About Harvard, Idaho

Harvard, Idaho was a railstop on the Wyoming, Idaho & Montana Railroad, named “Harvard” by Maude’s father rather than “Canfield,” which was their family name. Was it modesty? I somewhat doubt that, since he was a politician as well as a farmer. There was already a Princeton, the story goes, and he felt it needed a rival. Harvard never became much of a town, instead supported the mining, logging, and farming operations nearby.

(Oddly, Harvard’s train depot was relocated to Princeton, Idaho, and now is a private residence. The Princeton depot, which is architecturally similar, can be visited near Potlatch.)

Sources: family lore and Petersen, Keith. Company Town: Potlatch, Idaho, and the Potlatch Lumber Company (Pullman: WSU Press, 1987) 110. See, too, the City of Potlatch website. The Ultimate Idaho.com website gives May 28, 1906 as the date of the town’s establishment.


And this from the Harvard Crimson’s “Harvards of the World“:

Harvard, Idaho

Tiny is probably the best way to describe Harvard, Idaho.

This northern Idaho town, about 90 minutes from Lewiston, got its name through a quirky set of circumstances.

The neighboring town of Princeton, was founded in 1896 by a native of Princeton, Minn. Shortly after, Homer W. Canfield, who owned land nearby, sold his property to the Wyoming, Idaho & Montana Railroad. The railroad wanted to name the new outpost for Canfield, but he declined, mischievously suggesting Harvard as a replacement, according to Keith Petersen, an editor at the Washington State University Press who has studied the region.

Later, college students working on the railroad during the summer named new outposts after Purdue, Vassar, Stanford and Yale, but only Harvard and Princeton remain.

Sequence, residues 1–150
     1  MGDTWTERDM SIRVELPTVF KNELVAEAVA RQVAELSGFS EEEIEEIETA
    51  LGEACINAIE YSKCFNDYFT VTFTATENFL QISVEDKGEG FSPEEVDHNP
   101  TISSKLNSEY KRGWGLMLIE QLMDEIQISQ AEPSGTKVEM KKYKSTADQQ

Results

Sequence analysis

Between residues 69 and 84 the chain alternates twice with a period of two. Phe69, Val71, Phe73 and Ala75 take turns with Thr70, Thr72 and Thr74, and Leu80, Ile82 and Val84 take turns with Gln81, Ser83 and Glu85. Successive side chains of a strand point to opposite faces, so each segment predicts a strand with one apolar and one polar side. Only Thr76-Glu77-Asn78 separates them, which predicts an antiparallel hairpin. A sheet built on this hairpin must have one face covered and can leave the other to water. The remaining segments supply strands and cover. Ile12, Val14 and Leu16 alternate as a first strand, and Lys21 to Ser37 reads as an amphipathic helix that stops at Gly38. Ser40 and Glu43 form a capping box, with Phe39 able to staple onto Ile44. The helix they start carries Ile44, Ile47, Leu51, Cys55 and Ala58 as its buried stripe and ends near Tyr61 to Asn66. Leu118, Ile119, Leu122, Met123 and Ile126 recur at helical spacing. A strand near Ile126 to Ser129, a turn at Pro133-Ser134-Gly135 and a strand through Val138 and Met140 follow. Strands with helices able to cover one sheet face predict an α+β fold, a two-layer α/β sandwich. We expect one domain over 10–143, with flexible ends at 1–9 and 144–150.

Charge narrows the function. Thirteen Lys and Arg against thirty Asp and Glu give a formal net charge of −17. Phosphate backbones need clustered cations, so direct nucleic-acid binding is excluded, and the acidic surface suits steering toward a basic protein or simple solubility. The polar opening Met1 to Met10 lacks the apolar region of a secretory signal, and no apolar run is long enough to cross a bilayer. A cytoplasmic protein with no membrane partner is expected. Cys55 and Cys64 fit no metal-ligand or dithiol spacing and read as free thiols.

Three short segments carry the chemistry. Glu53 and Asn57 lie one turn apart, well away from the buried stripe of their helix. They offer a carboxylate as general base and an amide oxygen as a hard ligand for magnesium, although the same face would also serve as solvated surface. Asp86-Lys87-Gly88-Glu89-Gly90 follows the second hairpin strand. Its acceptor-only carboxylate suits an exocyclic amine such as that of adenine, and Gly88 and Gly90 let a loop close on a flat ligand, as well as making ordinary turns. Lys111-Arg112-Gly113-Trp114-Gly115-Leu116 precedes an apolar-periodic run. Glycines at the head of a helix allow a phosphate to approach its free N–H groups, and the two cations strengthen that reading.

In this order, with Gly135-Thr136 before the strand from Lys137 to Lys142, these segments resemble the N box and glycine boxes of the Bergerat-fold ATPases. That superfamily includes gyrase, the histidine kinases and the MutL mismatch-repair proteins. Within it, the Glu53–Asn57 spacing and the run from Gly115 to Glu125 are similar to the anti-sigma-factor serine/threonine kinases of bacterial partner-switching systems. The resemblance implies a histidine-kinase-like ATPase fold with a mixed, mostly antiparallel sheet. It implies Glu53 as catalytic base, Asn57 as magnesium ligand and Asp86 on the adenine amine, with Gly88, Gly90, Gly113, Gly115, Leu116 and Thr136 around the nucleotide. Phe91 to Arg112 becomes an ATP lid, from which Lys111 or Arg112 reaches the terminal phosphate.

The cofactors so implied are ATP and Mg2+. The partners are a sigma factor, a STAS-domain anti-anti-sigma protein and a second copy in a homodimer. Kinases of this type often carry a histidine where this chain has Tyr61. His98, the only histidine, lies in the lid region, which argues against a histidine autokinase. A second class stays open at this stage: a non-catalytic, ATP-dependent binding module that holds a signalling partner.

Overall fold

The town sits at the border between the Palouse–one of the largest wheat-, pea- and lentil-growing areas in the U.S.–and the heavily forested timberlands of northern Idaho. “It’s a real pretty little town,” Petersen says.

Harvard’s residents mainly worked as loggers, hauling wood to a sawmill in the nearby town of Potlatch, until the sawmill closed in 1980. Many of the residents are now retired, but some are wheat, canola and barley farmers.

“Everybody knows everybody and everybody knows everybody’s business,” says Joyce Gilmore, postmaster at the two-room Harvard Post Office (ZIP code 83834), which serves the 235 residents of the town and the surrounding flatlands.

The biggest town issue, according to Gilmore, is water quality–a water and sewer system was first installed in the early 1980s. Previously, residents used septic tanks and ground wells. Often, the sewer pumps have failed entirely. “The sewage doesn’t flush,” Gilmore complains.

There is one connection to the University. In the mid-1980s, someone donated a cast-iron sundial in John Harvard’s name; it now sits in Hylton Park–“the Harvard park, we all call it,” Gilmore says.

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